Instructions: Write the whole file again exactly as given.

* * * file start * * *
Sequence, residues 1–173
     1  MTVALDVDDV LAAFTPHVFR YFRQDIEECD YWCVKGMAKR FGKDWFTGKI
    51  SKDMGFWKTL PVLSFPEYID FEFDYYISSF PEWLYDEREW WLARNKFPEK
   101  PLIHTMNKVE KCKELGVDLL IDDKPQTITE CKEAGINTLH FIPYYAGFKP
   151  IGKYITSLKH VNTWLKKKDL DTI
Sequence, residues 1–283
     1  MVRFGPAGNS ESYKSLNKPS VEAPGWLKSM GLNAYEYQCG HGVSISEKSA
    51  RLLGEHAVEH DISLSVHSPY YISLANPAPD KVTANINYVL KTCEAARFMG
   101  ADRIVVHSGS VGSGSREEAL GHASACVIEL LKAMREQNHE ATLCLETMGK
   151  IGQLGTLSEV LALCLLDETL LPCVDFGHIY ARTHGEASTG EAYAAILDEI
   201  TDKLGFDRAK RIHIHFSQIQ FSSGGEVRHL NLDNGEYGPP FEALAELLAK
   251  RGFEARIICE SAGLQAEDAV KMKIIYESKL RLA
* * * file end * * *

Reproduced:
Sequence, residues 1–173
     1  MTVALDVDDV LAAFTPHVFR YFRQDIEECD YWCVKGMAKR FGKDWFTGKI
    51  SKDMGFWKTL PVLSFPEYID FEFDYYISSF PEWLYDEREW WLARNKFPEK
   101  PLIHTMNKVE KCKELGVDLL IDDKPQTITE CKEAGINTLH FIPYYAGFKP
   151  IGKYITSLKH VNTWLKKKDL DTI
Sequence, residues 1–283
     1  MVRFGPAGNS ESYKSLNKPS VEAPGWLKSM GLNAYEYQCG HGVSISEKSA
    51  RLLGEHAVEH DISLSVHSPY YISLANPAPD KVTANINYVL KTCEAARFMG
   101  ADRIVVHSGS VGSGSREEAL GHASACVIEL LKAMREQNHE ATLCLETMGK
   151  IGQLGTLSEV LALCLLDETL LPCVDFGHIY ARTHGEASTG EAYAAILDEI
   201  TDKLGFDRAK RIHIHFSQIQ FSSGGEVRHL NLDNGEYGPP FEALAELLAK
   251  RGFEARIICE SAGLQAEDAV KMKIIYESKL RLA